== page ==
FIG. 2 is a front view of a platform and a lower portion of a tether of the jumping device shown in FIG. 1.
FIG. 3 is a rear view of the platform and a lower portion of the tether of the jumping device shown in FIG. 1
FIG. 4 is a fragmentary view of the platform and a lower port on of the tether of the jumping device shown in FIG. 1 with a portion of the platform removed so as to show a rod for fastening the tether to the platform.
FIG. 5 is a perspective view of a handle and an upper portion of the tether of the jumping device shown in FIG. 1.
FIG. 6 is a side view of an alternative high rebound platform formed as a bladder structure.
FIG. 7 is a perspective view of a jumping device according to a second embodiment of the present invention.
FIGS. 1-5 show a jumping device 10 in accordance with a first embodiment of the present invention. Device 10 includes a high rebound platform 12, a tether 14 attached to the platform 12, and a handle 16 provided at an end of the tether 14.
High rebound platform 12 is formed so that platform 12 can be made to alternate between a compressed state and an uncompressed state. Generally, when a body elastically compresses due to the application of compressive forces, potential energy is stored in the deformed body. The transition of the body from a compressed state to an uncompressed state results in the conversion of potential energy to kinetic energy. A high rebound platform 12 in accordance with the present invention is a structure that can be made to elastically compress between a user's feet (which contact a foot support surface 18 located on the top of platform 12) and the ground or other rigid surface (which contacts an impact surface 20 located on the bottom of platform 12) by having at least a portion of the foot support surface 18 and at least a portion of impact surface 20 move closer to one another so that kinetic energy provided during the transition of the structure from a compressed state to an uncompressed state is sufficient to create a rebound force that assists the user in jumping. A high rebound platform 12 can be characterized by the basic ability to support a user to permit jumping without bottoming out and to provide some amount of energy to assist the user in jumping. It is envisioned that jumping device 10 can be designed to operate for a particular range of user weights. Therefore, high rebound platform 12 may be adapted to elastically compress and provide rebound force for the particular range of user weights for which the device 10 is designed. It is also envisioned that a product feature, shape of a component, color code, or other labeling scheme could be used to convey easily the range of user weights appropriate for a particular jumping device 10.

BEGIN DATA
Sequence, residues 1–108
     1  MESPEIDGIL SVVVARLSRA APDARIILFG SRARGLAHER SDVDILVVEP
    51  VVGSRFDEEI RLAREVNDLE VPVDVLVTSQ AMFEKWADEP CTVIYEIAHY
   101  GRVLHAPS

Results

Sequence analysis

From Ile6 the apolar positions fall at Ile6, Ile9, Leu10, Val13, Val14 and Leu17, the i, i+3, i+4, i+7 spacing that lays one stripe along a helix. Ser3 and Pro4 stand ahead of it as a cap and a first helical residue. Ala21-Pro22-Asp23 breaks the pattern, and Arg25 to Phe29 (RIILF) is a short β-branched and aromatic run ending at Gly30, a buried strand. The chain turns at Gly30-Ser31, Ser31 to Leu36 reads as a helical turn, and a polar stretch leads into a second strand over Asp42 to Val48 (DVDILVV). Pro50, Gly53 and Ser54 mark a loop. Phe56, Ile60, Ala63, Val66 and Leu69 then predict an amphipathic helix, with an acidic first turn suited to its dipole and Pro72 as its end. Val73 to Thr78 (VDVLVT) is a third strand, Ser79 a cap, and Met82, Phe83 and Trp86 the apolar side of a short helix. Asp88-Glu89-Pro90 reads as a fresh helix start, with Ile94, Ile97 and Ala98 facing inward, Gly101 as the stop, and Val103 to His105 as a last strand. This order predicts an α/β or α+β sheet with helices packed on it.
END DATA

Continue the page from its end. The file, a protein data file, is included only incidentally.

High rebound platform 12 is preferably formed from any one of a number of conventional solid, closed cell, or open cell materials that are commonly used to absorb impact or provide rebound. More specifically, platform 12 can be formed from rubbers including but not limited to natural foam rubber, natural butyl rubber (NBR), natural rubber (NR), thermoplastic rubber (TPR), and plastics including but not limited to polyethylene (PE), polyurethane (PU), and ethyl vinyl acetate (EVA). Generally, for a given high rebound material having a given contact surface area, the thicker (measured from foot support surface 18 to impact surface 20 of platform 12) platform 12 is, the greater the range of user weights over which the platform 12 will elasticly compress and provide a rebound force. It is also understood that with different high rebound materials and different contact surface areas various weight ranges can be accommodated.